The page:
Great news: after being a little dormant lately, we’re back in force with a series of daily updates on the climate change conference taking place this week in Copenhagen. The Canadian Youth Delegation to Copenhagen are reporting everyday on the happenings at this crucial event. Listen below, or on our podcast page & don’t forget to subscribe! More on the climate change negotiations and CYD Copenhage at http://cydcopenhagen.org
Episodes 100, Popular Resistance Facing Repression in Mexico, went up last week, and Episode 101, Olympic Resistance, just went up today. Two podcasts on two widely different topics, but both do what we love here at CitizenShift: putting forward voices and ideas you won’t usually find in the mainstream media. As always, we’d love to hear your comments about either piece.
The debate about the Olympics is on that continues to grow though - what do you think of its role in community development, and its impact on communities in Vancouver, Whistler and beyond? Leave your comments, or upload your own media here.
In last week’s podcast we announced that you had chosen Bumpig heads with the police as your favortie CS podcast episode to date. But also voted for a wide range of pieces. So here they are, listed below for your listening pleasure. Congrats to everyone who was picked! Read the rest of this entry »
Episode 100 is fast approaching and so is the deadline to vote for your favorite CITIZENShift podcast episodes! Check out our list of 20 of our favorites to kick things off - but vote for any of the episodes from the last three years that you liked. Vote by emailing us at firstname.lastname@example.org or by posting in the comments section here.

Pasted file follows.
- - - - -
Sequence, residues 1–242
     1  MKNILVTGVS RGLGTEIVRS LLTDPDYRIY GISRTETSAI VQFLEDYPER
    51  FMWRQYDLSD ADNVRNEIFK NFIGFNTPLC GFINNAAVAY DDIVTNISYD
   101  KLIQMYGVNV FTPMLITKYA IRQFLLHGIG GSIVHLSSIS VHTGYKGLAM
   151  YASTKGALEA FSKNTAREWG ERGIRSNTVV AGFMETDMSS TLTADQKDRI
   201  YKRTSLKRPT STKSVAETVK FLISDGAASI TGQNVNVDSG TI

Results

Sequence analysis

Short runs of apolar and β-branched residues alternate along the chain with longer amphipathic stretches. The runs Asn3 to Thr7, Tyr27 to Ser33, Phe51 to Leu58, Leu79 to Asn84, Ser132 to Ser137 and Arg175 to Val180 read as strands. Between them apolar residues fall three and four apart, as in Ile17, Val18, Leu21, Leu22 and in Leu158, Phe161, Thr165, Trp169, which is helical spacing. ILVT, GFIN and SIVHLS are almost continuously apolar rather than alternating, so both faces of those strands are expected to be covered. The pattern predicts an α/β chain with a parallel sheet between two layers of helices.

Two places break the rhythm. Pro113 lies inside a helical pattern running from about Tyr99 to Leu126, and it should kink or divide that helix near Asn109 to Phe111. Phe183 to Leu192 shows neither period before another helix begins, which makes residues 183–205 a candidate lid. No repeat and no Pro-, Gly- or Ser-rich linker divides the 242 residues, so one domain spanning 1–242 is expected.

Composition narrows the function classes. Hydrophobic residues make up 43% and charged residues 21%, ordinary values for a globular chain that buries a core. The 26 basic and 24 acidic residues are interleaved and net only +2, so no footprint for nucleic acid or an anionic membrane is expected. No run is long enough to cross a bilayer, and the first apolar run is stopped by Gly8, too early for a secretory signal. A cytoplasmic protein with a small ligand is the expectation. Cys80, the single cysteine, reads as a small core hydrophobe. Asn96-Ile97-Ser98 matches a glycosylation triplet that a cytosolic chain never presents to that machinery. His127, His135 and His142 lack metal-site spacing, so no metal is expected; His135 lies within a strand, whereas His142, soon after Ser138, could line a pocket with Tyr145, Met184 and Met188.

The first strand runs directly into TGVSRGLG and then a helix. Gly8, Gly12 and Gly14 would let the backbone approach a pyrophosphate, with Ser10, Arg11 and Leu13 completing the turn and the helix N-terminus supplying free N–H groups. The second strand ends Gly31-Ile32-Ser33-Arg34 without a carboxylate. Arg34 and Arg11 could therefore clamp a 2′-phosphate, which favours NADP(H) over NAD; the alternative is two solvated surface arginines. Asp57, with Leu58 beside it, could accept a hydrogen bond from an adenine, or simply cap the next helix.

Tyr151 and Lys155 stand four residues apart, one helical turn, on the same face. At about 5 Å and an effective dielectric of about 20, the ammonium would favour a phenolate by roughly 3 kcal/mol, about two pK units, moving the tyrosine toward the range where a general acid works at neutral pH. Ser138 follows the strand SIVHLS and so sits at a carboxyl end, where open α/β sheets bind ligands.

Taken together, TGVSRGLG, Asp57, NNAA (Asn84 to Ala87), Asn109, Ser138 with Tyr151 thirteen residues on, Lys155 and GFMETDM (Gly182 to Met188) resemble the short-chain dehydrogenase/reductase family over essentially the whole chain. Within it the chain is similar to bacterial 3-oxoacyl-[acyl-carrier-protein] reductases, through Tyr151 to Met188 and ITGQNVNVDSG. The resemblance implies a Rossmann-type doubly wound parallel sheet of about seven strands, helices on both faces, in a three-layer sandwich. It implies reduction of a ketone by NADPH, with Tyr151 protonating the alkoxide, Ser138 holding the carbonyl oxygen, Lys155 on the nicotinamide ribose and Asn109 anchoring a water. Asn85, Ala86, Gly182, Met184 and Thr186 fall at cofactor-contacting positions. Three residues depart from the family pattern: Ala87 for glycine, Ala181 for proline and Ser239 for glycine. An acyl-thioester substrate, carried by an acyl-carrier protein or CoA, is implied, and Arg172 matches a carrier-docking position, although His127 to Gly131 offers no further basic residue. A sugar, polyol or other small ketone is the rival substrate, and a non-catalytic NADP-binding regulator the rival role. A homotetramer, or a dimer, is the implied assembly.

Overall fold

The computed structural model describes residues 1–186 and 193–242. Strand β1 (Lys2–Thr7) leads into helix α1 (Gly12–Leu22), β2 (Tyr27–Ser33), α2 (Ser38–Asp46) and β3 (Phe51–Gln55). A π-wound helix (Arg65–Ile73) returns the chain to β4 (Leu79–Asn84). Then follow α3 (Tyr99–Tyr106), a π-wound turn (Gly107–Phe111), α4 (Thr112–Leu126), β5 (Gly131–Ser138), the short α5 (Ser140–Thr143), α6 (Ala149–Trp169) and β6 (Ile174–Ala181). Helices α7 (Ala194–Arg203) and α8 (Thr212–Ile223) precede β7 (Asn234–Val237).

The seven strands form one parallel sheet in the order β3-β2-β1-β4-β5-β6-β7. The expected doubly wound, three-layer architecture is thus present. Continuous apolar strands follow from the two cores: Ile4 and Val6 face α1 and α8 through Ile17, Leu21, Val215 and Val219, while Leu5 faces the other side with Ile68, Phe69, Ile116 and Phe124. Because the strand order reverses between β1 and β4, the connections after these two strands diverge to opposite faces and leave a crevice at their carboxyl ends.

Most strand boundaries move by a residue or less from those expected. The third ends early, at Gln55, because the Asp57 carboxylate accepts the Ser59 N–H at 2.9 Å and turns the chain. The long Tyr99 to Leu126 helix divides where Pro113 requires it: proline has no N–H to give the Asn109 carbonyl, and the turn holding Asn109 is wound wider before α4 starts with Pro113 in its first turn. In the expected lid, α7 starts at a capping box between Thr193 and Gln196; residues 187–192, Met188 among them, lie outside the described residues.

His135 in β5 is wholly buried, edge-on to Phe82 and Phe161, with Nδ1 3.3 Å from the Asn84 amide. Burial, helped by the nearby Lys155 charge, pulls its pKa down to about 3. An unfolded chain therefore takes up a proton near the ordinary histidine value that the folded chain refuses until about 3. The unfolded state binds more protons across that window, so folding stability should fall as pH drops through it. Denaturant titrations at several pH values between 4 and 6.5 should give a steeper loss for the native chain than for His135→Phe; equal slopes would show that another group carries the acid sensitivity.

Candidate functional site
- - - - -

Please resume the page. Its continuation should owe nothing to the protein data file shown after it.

Remember deadline is Wednesday at midnight, and we’ll announce your choice on Thursday.
You may have noticed that we’re rapidly approaching the 100th episode of the CitizenShift podcast. It’s an exciting accomplishment for us: we’ve seen the podcast series change and evolve over the years – take pauses and restart. Of course, it would never have been possible without the support of you, our listeners. Or without the amazing content we’ve had submitted by dozens of contributors, whether activists, journalists or engaged citizens. A special thankks also to Matthew Forsythe and Dave Ron, past podcast coordinators here at CS.
To highlight the amazing content we’ve featured so far, we want to put together a ‘best of’ of the CitizenShift podcast, but for that we need your help. We want you to let us know your favorite, or favourites, from the CS podcast episode so far.
To kick things off, below we’ve listed 20 of our favourites. You don’t need to pick from that list – you can nominate any episode, or episodes, you’d like. We’ll post the top 10, with links, here on the blog when the 100th episode goes up.Voting starts now - either email us at email@example.com or leave a message below - and goes until midnight, Wednesday Aug. 12th.
Just a quick note, Episode 98 is now online. In Taking Toronto’s Streets, Dan Kellar interviews participants and organisers in Spring 2009’s protests by the Canadian Tamil community while the bloody civil war between the Liberation Tigers of Tamil Elam and the Sri Lankan government raged on.
Episode 97 is up! Amy Miller brings us Canada’s National (In)Security 2009, an incisive round-up of ongoing controversies surrounding Canadian national security practices.
It was four years ago, in 2005, that CITIZENShift first began to explore the balance between national security measures and the protection of civil liberties, human rights and due process. At the time the debate around Canada national security measures had hit a fever pitch; it was in that context that we launched Measuring Security Measures.